Ivoroid and Organdy


I’m intrigued with historical collections of wonders, objects collected during the Age of Discovery, some natural and some artificial, that fill university teaching collections in Europe.  My discovery of these objects paralleled my finding of equally intriguing objects, made from fabric, celluloid and bone, which became my art-making materials. I find these materials in antique flea markets from Elkhorn, Wisconsin to Portobello Road in London (not to mention an unhealthy relationship to ebay).  I believe that the objects I find inform me of what they want done with them. I’m obsessed with the “hunt” as part of the process, knowing that I have “discovered” a unique object that there is little likelihood of finding again.  

There is a display case in the Mineralogy Museum in Bologna, Italy that contains two objects, a chunk of marble and a marble vase. The label explains that these represent the two major classifications of things: Naturale and Artificiale.  Although I have worked with cemetery statuary in my work before, I now started to focus on Victorian cemetery sculpture that depicted the human body: flesh, hair and cloth, in stone.  The natural impermanent body represented by the artificial (ironically far more permanent).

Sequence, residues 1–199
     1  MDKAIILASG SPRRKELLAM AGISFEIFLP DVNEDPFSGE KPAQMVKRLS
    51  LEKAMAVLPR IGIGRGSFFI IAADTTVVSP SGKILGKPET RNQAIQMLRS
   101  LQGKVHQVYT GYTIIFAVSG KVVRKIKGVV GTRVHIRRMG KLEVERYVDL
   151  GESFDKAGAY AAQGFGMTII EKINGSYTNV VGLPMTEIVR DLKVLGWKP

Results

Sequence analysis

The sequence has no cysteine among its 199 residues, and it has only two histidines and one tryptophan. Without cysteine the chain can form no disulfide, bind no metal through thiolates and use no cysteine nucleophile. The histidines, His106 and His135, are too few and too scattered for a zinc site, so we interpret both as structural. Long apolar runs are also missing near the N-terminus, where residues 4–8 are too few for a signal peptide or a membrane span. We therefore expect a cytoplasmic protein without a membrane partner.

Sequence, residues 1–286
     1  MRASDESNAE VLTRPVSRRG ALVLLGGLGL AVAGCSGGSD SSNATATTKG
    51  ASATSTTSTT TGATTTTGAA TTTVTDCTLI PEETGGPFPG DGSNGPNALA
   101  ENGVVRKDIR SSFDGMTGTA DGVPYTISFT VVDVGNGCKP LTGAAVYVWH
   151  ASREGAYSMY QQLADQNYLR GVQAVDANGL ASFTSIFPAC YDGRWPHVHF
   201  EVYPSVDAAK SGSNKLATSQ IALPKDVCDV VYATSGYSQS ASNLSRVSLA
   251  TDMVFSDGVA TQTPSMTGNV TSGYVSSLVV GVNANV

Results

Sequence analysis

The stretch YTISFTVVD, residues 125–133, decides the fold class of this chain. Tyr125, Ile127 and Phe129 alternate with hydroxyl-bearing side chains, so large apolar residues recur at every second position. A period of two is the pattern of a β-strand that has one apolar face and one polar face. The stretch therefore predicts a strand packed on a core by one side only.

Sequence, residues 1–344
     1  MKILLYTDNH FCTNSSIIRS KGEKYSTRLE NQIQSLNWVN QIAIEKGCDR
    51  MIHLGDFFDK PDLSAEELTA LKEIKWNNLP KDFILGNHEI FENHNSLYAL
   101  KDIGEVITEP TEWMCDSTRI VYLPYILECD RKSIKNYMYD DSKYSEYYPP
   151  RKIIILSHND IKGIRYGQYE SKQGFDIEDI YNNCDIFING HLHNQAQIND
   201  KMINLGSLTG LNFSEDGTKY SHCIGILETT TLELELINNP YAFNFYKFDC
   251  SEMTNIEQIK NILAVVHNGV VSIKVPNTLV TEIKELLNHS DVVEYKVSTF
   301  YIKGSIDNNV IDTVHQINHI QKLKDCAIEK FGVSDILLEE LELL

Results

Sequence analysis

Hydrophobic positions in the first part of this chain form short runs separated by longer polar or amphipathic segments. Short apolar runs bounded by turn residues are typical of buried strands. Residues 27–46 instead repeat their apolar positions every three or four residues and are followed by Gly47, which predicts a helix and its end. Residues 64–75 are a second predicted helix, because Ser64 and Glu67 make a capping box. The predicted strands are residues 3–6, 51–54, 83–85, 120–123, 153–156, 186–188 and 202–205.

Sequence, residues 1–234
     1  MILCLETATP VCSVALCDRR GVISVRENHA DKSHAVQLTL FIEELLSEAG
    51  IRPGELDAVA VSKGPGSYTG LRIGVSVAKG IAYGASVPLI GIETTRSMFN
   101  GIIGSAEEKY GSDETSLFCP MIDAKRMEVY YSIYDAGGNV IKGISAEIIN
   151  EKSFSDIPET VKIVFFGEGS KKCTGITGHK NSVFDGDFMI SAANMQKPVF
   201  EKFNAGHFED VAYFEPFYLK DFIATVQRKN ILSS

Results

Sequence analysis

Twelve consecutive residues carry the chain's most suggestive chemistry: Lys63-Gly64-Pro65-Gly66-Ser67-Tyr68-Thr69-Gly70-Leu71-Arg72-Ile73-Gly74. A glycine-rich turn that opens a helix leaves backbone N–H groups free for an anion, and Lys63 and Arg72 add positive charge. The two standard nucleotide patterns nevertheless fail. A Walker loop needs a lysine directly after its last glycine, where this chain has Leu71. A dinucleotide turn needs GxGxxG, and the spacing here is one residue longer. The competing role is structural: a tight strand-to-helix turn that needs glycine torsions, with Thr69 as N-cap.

Having worked a lot with traditional lace cuffs and collars as “detachable” ornamentation, when I encountered my first set of celluloid (early plastic, fabric-like, but washable).) collars and cuffs in a flea market, they just screamed at me to be ornamented with patterns derived from historic lace. This led me to “wood burn” imitative patterns on their surfaces. My obsession with celluloid established, I moved on to dresser sets, picture frames and knick-knacks.  I became fixated on this early version of plastic, much created to imitate the look of ivory. Again, it was this artificial, or imitative quality that I found fascinating.